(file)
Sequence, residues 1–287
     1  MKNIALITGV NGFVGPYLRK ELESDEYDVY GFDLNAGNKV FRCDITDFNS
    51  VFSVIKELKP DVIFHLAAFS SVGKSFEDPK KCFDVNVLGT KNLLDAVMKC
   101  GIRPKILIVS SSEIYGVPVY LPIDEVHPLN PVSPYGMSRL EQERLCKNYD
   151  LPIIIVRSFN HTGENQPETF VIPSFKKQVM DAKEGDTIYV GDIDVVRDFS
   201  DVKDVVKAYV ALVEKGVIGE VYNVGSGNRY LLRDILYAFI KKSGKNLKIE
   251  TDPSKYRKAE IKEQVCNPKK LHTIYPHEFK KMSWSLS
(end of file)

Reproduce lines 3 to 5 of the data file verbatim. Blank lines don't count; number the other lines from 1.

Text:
    51  VFSVIKELKP DVIFHLAAFS SVGKSFEDPK KCFDVNVLGT KNLLDAVMKC
   101  GIRPKILIVS SSEIYGVPVY LPIDEVHPLN PVSPYGMSRL EQERLCKNYD
   151  LPIIIVRSFN HTGENQPETF VIPSFKKQVM DAKEGDTIYV GDIDVVRDFS